But, the curse of modern market economics requires even the most successful companies to show not only that they make a lot of money, but that they’re making more money today then they did a few months ago. And so, once you’re as big as Disney, you start having to shave off costs in uncomfortable places.
One such spot is in Walt Disney World’s entertainment offerings, which are dwindling by the month.
It’s actually pretty interesting. You see, attractions obviously cost an awful lot of money to construct, but once they’re built, the costs of running them are relatively small (usually). Shows and entertainment are a bit different, because while the startup cost is much smaller than an attraction, the ongoing cost of talent can make a show feel more expensive to run. Obviously, a band performing in the Morocco Pavilion isn’t anywhere near as expensive as Millennium Falcon: Smuggler’s Run to operate. But, fewer people also engage with it in a day.
So, to some in the company, it’s a question of value-added, and as such, a lot of shows have gotten the axe in recent years, or have been scaled back in how often they’re offered. The problem with this is that shows and events often pull guests away from other headlining attractions, keeping the crowds more evenly distributed throughout the parks. In fact, this was a promised innovation of My Disney Experience when it was launched – Disney argued that it could see where crowds were getting too heavy and deploy a spontaneous dance party or parade to an area nearby to entice guests to spread around more evenly. That never came to pass.
Yes, the parks feel more crowded today, and it’s because guests tend to go to the same handful of experiences – in part because there’s simply fewer things to do overall.
Defocusing on High-Throughput Attractions
One of the biggest factors in guest satisfaction is how many rides they experienced in a single day. While those of us who fancy ourselves experts at navigating the parks can hit upwards of 15 or 20 attractions in a day without breaking a sweat, first-time guests often report woefully low numbers. One of the biggest reasons for this is, of course, waiting in line.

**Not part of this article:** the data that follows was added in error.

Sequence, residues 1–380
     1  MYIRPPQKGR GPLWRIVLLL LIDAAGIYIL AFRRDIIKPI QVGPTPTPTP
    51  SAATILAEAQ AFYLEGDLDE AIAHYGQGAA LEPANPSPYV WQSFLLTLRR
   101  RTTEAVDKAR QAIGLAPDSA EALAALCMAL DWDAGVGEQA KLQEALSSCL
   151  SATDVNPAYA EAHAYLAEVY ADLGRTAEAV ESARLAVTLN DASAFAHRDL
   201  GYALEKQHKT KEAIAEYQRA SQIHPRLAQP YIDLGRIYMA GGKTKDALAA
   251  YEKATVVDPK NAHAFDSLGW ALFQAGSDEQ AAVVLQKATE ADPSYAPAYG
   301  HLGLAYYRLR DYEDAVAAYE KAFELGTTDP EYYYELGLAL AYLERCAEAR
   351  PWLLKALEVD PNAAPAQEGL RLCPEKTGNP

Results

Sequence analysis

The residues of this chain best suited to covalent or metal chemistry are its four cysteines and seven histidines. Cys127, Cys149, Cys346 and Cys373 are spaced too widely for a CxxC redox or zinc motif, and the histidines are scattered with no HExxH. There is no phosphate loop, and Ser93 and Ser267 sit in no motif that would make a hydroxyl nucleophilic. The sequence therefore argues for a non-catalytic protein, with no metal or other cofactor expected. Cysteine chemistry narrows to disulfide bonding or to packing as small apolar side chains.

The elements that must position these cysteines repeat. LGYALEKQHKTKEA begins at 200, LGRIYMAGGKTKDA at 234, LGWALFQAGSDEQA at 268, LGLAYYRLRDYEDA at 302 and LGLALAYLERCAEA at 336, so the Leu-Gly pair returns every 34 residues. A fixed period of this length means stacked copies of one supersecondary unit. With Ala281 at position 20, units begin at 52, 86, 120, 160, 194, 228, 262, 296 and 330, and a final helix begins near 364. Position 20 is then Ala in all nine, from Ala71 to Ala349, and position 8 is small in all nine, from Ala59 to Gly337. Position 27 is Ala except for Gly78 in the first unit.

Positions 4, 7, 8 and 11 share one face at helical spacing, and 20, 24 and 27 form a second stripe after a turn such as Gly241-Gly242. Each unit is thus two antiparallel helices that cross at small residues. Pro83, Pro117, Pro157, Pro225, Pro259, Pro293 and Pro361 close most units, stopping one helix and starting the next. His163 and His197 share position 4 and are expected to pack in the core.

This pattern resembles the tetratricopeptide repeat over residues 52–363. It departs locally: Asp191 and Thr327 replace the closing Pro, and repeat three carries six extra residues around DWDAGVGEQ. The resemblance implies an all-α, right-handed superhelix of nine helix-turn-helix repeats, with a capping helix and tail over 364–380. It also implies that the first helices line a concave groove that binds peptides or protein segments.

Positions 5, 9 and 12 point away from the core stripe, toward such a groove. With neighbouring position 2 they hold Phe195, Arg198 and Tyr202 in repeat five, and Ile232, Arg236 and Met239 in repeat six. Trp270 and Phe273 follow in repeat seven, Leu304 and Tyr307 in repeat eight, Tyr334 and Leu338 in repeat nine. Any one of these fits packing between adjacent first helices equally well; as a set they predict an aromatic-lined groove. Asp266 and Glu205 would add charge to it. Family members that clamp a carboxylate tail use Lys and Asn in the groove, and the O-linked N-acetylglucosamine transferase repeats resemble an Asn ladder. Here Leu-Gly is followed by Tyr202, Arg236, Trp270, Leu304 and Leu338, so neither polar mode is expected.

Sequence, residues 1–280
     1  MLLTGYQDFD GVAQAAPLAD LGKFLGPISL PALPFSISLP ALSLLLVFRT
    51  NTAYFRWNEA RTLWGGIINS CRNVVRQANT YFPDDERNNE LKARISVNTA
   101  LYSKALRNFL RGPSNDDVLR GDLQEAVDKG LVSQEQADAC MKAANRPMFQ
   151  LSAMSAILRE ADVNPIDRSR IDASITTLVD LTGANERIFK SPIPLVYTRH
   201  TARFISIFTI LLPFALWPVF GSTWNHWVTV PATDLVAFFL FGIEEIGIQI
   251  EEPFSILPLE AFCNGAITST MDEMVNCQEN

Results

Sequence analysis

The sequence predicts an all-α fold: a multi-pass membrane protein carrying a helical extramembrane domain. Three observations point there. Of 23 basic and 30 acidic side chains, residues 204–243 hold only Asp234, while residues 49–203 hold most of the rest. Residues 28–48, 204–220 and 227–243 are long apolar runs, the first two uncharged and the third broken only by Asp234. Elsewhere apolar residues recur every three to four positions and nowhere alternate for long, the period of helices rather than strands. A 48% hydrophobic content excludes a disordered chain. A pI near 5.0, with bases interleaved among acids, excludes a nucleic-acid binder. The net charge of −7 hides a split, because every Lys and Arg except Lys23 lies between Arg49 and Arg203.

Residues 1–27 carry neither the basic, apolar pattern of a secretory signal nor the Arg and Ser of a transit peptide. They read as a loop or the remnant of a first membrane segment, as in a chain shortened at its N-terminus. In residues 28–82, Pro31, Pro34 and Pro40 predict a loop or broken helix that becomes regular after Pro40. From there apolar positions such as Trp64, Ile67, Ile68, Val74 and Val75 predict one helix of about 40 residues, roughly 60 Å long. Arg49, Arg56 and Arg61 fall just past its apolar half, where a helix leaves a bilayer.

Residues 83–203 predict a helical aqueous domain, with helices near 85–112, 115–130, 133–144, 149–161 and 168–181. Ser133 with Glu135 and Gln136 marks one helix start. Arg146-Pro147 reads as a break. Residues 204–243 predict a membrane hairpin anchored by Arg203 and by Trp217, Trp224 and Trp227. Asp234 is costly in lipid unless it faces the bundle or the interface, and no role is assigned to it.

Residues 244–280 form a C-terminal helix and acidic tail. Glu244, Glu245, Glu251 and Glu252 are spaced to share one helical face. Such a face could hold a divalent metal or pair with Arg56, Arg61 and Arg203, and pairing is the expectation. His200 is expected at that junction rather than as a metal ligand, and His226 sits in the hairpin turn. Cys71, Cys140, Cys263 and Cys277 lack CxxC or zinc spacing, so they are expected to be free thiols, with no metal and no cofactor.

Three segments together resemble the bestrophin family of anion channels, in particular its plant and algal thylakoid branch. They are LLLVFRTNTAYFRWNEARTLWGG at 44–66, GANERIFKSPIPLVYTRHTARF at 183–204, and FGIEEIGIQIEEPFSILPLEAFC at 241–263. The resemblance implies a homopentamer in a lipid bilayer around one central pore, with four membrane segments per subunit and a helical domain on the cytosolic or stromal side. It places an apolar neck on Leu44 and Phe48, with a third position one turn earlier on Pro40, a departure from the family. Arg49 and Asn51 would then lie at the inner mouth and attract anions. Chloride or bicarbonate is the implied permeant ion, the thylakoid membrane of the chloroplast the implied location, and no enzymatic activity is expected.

Disney has, throughout its history, masterfully figured out ways to increase throughput in its attractions to absurdly high levels. Carousel of Progress, for example, was designed specifically so that as many guests as possible could see a lengthy stage show. Yes, the rotating theater is fun – but it’s also practical.
But, when you look at Walt Disney World, it’s kind of scary to realize that its five highest-capacity rides were all conceived right around Walt Disney World’s opening if not long before. The Tomorrowland Transit Authority, Carousel of Progress, the Haunted Mansion, Pirates of the Caribbean, its a small world, all boast large capacities – and two of the five were designed over half a century ago.
Disney still can build high-capacity rides. Soarin’, despite its lines, is a relatively large loader, and the Twilight Zone: Tower of Terror’s clever ride system enables high-throughput of far more guests than you’d expect.
But gone are the days of Disney innovating in the areas of capacity. Millennium Falcon: Smugglers Run has roughly half the capacity of Carousel of Progress. Star Wars: Rise of the Resistance, despite seemingly accommodating larger groups, isn’t actually that much higher. Now, yes, intimate ride experiences often have lower throughput, and that’s a tradeoff that’s worth it on rides as magical as those two. I understand that.
However, Disney has gone all-in on these types of rides, at the cost of people-eaters like the Universe of Energy and even the Studio Backlot Tour. That’s to say that those rides shouldn’t have been replaced, but Disney should be far more concerned about overall attraction capacity than it currently is.